Men are supposed to be taller than women and women are supposed to be slim. Why?

Because (and I might be going out on a limb, here) men are supposed to be the strong ones and women are supposed to be…well, weak. Delicate, if you prefer. We’re meant to be petite, right? So we can feel safe when he’s holding us in his strong arms. So he can carry us out of burning buildings. A short man can’t carry a fat woman. Well, actually, I read somewhere that short people are in fact stronger than tall people but, you know, we’re talking aesthetics, here. It looks wrong. Short men seem less…powerful. Hence the ‘short man’ syndrome – it’s compensation for that.

And you know what? You, with your arms still folded but your smug look slipping, I agree with you. I agree that women shouldn’t judge men for being short any more than men should judge women for being fat. Because either way it’s bullshit.


Why I’ve Signed the ‘No More Page 3’ Petition.

For all those international readers, The Sun is a British newspaper which publishes a feature known as Page 3. Page 3 consists of a photo of a woman with ‘her tits out’. This feature has been running for 42 years, today. To mark this anniversary, protestors around the UK have been running campaigns to gather support for a No More Page 3 petition. I have just signed the petition, which you can find here. So, I thought I’d take the liberty of writing a brief post about why I have signed and why I think Page 3 is wrong.

Firstly, The Sun is a newspaper, supposedly, not a soft-porn magazine. What on earth do topless women have to do with the news? If someone wants to look at topless women, fine, but a newspaper should not be the first place to look. It’s irrelevant content and could be replaced with, I don’t know, actual news.

Similarly, as a popular national newspaper, The Sun tends to be found lying around in public. On trains, on buses, in pubs and cafes, it’s easy to get hold of. What sort of message are we sending to children who could easily pick up this ‘newspaper’ and flick through to page 3? That topless women are news, somehow? That looking at topless women is normal/everyday/to be expected? A right? That this is all women are? If The Sun added a page 4 with a sexy, mostly naked man, at least we’d have equality, but I don’t think the objectification of either sex is something we should be promoting in a newspaper. As a child, page 3 made me incredibly uncomfortable. To be honest, it still does, but to a lesser extent.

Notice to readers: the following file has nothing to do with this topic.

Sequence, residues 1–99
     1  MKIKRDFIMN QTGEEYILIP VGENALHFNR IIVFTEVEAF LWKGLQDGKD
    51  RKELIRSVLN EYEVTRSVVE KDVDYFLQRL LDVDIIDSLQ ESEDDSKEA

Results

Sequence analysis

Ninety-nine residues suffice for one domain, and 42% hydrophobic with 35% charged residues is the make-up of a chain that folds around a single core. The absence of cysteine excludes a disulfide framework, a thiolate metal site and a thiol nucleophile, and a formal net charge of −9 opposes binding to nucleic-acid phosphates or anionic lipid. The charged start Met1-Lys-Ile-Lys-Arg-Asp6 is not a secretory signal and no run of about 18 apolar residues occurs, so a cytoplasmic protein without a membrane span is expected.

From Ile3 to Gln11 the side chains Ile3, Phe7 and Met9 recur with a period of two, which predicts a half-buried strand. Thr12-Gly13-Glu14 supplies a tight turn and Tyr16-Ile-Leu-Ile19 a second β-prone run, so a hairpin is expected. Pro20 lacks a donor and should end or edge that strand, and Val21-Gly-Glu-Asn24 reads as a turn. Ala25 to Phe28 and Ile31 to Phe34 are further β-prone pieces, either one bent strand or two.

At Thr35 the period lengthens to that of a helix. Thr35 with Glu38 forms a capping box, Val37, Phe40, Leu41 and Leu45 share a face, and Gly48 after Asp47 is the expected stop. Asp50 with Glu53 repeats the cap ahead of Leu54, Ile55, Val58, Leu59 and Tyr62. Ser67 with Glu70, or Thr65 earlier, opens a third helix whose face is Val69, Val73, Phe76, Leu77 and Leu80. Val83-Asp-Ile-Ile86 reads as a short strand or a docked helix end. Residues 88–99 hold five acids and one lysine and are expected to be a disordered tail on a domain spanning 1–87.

Why does it exist? What purpose does it serve? Other than giving men something to leer at in an acceptable and easily available form. Porn exists and it’s easy to get hold of but it’s not acceptable to look at in public because it might offend people or children might see. Guess what, the same applies to page 3. OK, it’s soft-core, but it’s still pornographic. My point is, there’s a time and a place for looking at naked/semi-naked women and it’s not on the bus on your way to town or in the staffroom on your lunchbreak.

It was created in the 70s. We’ve moved on from then. We’ve progressed. Sexual harassment of women at work is no longer commonplace or acceptable, so why is it acceptable to publish topless photos of women in a newspaper which can be found lying around offices and staff rooms all over the country? It was created in the 70s and it belongs in the 70s, not the 21st century.

You can argue that it’s not hurting anyone. Actually, I think it is hurting people, it makes many people extremely uncomfortable and it encourages leeriness. But let’s say it doesn’t physically hurt anyone. Would removing it physically hurt anyone? Would anyone suffer as a result? No. Maybe the leery old men wouldn’t be able to leer in public but I can’t say I see that as a bad thing. Also, The Sun’s sales might suffer. Again, I can’t say I see that as a bad thing.